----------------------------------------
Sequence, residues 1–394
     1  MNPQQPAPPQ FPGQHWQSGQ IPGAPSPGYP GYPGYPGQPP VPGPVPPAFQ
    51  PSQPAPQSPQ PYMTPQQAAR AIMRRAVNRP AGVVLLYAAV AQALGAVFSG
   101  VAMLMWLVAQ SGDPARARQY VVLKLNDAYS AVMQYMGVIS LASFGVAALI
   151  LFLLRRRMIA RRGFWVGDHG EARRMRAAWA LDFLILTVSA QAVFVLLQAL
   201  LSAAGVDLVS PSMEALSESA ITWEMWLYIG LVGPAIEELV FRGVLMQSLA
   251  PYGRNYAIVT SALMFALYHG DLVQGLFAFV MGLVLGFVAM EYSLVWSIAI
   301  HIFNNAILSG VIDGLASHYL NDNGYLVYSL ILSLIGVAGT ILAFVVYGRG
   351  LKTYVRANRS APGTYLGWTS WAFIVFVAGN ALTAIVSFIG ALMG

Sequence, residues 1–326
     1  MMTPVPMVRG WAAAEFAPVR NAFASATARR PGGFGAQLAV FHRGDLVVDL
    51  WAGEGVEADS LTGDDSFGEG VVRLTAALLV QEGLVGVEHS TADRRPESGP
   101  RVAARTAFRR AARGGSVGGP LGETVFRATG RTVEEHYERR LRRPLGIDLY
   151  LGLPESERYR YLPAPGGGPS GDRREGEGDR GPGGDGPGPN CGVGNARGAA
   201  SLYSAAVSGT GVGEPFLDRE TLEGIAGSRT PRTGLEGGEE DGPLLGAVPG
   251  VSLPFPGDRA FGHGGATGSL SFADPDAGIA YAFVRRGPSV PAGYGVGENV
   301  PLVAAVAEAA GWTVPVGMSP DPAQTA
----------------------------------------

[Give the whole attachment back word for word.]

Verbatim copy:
Sequence, residues 1–394
     1  MNPQQPAPPQ FPGQHWQSGQ IPGAPSPGYP GYPGYPGQPP VPGPVPPAFQ
    51  PSQPAPQSPQ PYMTPQQAAR AIMRRAVNRP AGVVLLYAAV AQALGAVFSG
   101  VAMLMWLVAQ SGDPARARQY VVLKLNDAYS AVMQYMGVIS LASFGVAALI
   151  LFLLRRRMIA RRGFWVGDHG EARRMRAAWA LDFLILTVSA QAVFVLLQAL
   201  LSAAGVDLVS PSMEALSESA ITWEMWLYIG LVGPAIEELV FRGVLMQSLA
   251  PYGRNYAIVT SALMFALYHG DLVQGLFAFV MGLVLGFVAM EYSLVWSIAI
   301  HIFNNAILSG VIDGLASHYL NDNGYLVYSL ILSLIGVAGT ILAFVVYGRG
   351  LKTYVRANRS APGTYLGWTS WAFIVFVAGN ALTAIVSFIG ALMG

Sequence, residues 1–326
     1  MMTPVPMVRG WAAAEFAPVR NAFASATARR PGGFGAQLAV FHRGDLVVDL
    51  WAGEGVEADS LTGDDSFGEG VVRLTAALLV QEGLVGVEHS TADRRPESGP
   101  RVAARTAFRR AARGGSVGGP LGETVFRATG RTVEEHYERR LRRPLGIDLY
   151  LGLPESERYR YLPAPGGGPS GDRREGEGDR GPGGDGPGPN CGVGNARGAA
   201  SLYSAAVSGT GVGEPFLDRE TLEGIAGSRT PRTGLEGGEE DGPLLGAVPG
   251  VSLPFPGDRA FGHGGATGSL SFADPDAGIA YAFVRRGPSV PAGYGVGENV
   301  PLVAAVAEAA GWTVPVGMSP DPAQTA